JAKARTA, INDONESIA, June 5, 2017 – Two decades after the Asian Financial Crisis (AFC), the ASEAN+3 region has become more resilient but it is once again tested with new global uncertainties, as highlighted by experts at a seminar co-organized by the ASEAN+3 Macroeconomic Research Office (AMRO) and Bank Indonesia Institute on June 5, 2017, in Jakarta, Indonesia.
Attended by 110 economists and analysts from both public and private sectors, the seminar discussed issues covered in the ASEAN+3 Regional Economic Outlook (AREO) 2017 released by AMRO in early May in Yokohama, Japan. As AMRO’s annual regional surveillance publication, the AREO 2017 assesses the regional economic outlook and financial stability in 10 ASEAN countries, and China (including Hong Kong), Japan, and Korea. In this inaugural edition, the report also includes a thematic study of the region 20 years after the Asian Financial Crisis (AFC).
Moderated by Dr Dwityapoetra S. Besar, Macroprudential Policy Department, Bank Indonesia (BI), the discussion panel consisted of AMRO Chief Economist Dr Hoe Ee Khor; Dr Yoga Affandi, Head of Research, BI; and Mr. Anton Gunawan, Chief Economist, Bank Mandiri.
In his presentation, Dr Khor highlighted that the regional growth is expected to be sustained at about 5% in 2017-18. The near term outlook for the region has turned somewhat brighter, although risks are tilted to the downside, from tightening global financial conditions, trade protectionism and global policy uncertainties. Growth of the two largest economies in the region, China and Japan, remains stable and robust, and will to anchor the continuing growth in the region.
AMRO Chief Economist Dr Hoe Ee Khor talks about ASEAN+3 regional economic outlook and the region 20 years after the AFC.
Emerging market economies in the region, including Indonesia, have seen largely stable financial markets with the resumption of capital inflows since early 2017. The panelists agreed, however, that policy space has narrowed with downside risks from global policy uncertainties, and it would be prudent for policymakers to prioritize financial stability over faster economic growth, so as to achieve a more sustainable economic growth and development in the long run.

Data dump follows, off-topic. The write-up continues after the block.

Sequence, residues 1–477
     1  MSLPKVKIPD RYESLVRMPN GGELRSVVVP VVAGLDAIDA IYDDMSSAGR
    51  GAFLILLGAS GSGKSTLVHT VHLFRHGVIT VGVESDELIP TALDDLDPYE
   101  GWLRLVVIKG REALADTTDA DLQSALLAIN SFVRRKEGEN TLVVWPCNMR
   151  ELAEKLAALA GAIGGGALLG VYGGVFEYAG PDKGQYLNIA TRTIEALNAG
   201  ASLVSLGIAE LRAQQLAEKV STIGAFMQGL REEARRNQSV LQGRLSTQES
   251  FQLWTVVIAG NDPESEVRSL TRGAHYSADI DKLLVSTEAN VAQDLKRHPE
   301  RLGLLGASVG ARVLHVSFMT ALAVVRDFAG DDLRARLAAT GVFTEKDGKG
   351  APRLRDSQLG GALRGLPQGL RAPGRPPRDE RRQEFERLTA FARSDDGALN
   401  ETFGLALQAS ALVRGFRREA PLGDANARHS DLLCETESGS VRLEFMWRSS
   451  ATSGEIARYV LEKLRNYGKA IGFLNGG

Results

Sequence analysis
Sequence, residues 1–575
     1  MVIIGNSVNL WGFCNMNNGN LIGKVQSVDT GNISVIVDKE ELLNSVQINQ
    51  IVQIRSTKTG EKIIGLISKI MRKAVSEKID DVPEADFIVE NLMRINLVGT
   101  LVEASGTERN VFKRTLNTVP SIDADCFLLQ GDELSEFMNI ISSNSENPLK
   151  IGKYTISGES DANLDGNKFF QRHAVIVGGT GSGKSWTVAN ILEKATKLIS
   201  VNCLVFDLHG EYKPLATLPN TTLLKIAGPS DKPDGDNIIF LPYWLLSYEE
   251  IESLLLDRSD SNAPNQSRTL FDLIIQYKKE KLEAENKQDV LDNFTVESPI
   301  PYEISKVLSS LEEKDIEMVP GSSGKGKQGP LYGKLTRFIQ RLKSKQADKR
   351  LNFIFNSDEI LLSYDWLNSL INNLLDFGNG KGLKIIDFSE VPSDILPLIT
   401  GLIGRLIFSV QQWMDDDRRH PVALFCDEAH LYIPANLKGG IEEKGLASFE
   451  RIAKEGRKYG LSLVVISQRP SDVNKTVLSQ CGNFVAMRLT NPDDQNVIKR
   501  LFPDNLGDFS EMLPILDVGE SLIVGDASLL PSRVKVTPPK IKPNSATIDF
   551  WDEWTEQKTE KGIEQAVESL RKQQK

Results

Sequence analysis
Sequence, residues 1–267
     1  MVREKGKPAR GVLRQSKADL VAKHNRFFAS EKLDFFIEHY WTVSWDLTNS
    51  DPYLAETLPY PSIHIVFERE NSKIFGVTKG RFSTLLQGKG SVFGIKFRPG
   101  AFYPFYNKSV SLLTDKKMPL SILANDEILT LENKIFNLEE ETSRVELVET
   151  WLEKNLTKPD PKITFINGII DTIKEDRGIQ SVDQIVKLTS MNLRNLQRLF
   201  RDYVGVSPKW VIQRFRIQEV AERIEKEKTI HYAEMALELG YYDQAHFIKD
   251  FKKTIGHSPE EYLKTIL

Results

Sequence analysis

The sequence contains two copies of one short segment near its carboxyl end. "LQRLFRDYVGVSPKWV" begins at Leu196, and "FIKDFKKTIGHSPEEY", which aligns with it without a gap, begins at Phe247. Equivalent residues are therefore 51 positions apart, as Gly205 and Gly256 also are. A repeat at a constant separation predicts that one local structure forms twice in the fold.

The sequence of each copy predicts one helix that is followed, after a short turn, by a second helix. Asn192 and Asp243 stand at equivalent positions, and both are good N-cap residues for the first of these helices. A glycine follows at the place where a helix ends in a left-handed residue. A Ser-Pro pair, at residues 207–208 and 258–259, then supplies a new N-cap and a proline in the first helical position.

Lessons learned from the Asian Financial Crisis
The AFC is a landmark event in the ASEAN+3 region that has shaped the subsequent foundations and trajectory of economic growth and regional integration, as well as policymakers’ perspectives on crisis management and resolution. In particular, the AFC provided the impetus to ASEAN+3 members to come together to develop a regional safety net supported by enhanced macroeconomic surveillance.
Indonesia was one of the economies that was hardest-hit by contagion during the AFC, but in the 20 years since, policymakers have undertaken significant reforms to rebuild the economic fundamentals in order to revive growth and strengthen the resilience of the economy to shocks. These include financial sector and corporate governance reforms, fiscal consolidation, and a more flexible monetary policy framework.
The panel discussed the opportunities and challenges to sustaining the growth trajectory in Indonesia and in the region in future, with rebalancing from export-led to domestic demand-driven growth. Although there are challenges from the changing global economic landscape and ageing populations, there are still be efficiency gains from automation and the new digital technology, and from further infrastructure investment fostered through greater regional trade and investment linkages.